After the explosion, more than three dozen witnesses reported they'd seen contrails going up into the sky towards the plane; 18 of those people said they saw something coming up from the water, rising to meet the plane.
The FBI only summarized the interviews in its reports; the witnesses weren't permitted to see what was written or to review the reports, and the NTSB only received summary reports in which all personal information was redacted. And maybe most importantly, the witnesses — there were more than 700 of them — weren't permitted to testify.
Among those witnesses were people who attended a wedding on a beach in the Moriches, which was in progress at the time of the explosion. Some of them were recording the ceremony, their cameras trained on the wedding party with the ocean and sky in the background. Many of these people witnessed the explosion, and some said they saw something rising from the water.
During the investigation, holes were discovered in parts of the aircraft skin that penetrated from outside in — evidence that an object, most likely a missile — had struck the plane. But when investigators began photographing that evidence, according to my former colleague who was there, the FBI told them to stop.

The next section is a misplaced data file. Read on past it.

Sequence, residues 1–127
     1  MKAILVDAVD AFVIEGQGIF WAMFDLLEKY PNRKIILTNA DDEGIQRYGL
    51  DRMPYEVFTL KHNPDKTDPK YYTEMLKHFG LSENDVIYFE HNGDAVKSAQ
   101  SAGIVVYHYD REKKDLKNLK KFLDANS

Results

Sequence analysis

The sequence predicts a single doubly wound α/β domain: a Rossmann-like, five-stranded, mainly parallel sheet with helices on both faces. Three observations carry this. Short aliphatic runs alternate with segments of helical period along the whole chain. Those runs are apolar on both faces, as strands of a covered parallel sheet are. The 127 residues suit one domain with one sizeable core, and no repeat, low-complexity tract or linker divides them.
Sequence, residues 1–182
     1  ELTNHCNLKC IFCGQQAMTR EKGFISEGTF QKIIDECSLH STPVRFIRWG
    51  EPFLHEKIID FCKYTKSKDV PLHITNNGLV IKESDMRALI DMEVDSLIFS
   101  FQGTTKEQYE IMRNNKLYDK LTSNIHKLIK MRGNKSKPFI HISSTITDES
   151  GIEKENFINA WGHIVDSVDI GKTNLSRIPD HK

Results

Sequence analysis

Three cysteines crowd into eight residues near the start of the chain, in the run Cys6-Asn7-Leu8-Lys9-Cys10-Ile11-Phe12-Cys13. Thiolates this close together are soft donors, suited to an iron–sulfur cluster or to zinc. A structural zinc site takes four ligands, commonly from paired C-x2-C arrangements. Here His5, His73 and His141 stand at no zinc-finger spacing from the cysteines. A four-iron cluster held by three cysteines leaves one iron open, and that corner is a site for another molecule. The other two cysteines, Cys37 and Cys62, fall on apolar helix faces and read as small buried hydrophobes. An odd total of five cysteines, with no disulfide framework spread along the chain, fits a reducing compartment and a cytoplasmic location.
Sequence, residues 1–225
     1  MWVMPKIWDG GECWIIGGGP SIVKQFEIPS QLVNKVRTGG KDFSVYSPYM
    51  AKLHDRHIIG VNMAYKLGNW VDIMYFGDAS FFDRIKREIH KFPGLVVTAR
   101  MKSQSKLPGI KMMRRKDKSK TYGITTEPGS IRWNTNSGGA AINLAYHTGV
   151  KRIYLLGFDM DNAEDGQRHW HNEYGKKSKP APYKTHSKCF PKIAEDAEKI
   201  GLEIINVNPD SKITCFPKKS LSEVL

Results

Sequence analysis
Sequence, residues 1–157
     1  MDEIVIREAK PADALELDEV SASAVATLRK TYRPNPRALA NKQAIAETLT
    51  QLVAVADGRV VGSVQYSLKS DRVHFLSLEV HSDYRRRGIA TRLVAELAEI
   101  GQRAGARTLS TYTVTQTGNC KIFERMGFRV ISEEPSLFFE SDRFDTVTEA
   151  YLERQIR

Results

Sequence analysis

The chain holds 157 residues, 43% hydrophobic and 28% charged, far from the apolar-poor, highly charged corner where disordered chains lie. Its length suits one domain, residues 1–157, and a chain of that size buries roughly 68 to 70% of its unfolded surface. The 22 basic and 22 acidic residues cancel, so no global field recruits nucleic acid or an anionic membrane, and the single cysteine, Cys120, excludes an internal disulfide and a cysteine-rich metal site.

Airlines were given years to put in a simple and inexpensive system that automatically shut down the fuel pumps when the tanks ran dry.
Yet the fuel pump itself was never implicated in the Flight 800 catastrophe.
Which leaves us with many more questions than answers.
To wit, why was the FBI, as my investigator colleague has suggested, obstructing investigators from doing their job? What did the feds find about this accident that elevated it to the level a "national security interest?"
Was it a terrorist attack — a precursor to 9/11, as has been widely suggested — or a U.S. military training exercise gone wrong?
Sadly, we might never know. But as an experienced commercial pilot, I know this much: Planes do not blow up by themselves. I firmly believe that this plane was shot down. I also believe my friend when he says the FBI imposed limits on what investigators could and couldn't analyze.
With that said: If it looks like a duck, and quacks like a duck, it's probably a duck. Or bull.
This investigation smelled like bull all those years back, and time has done nothing to soften that stench. I don't believe the findings, and neither do hundreds of other pilots that I know.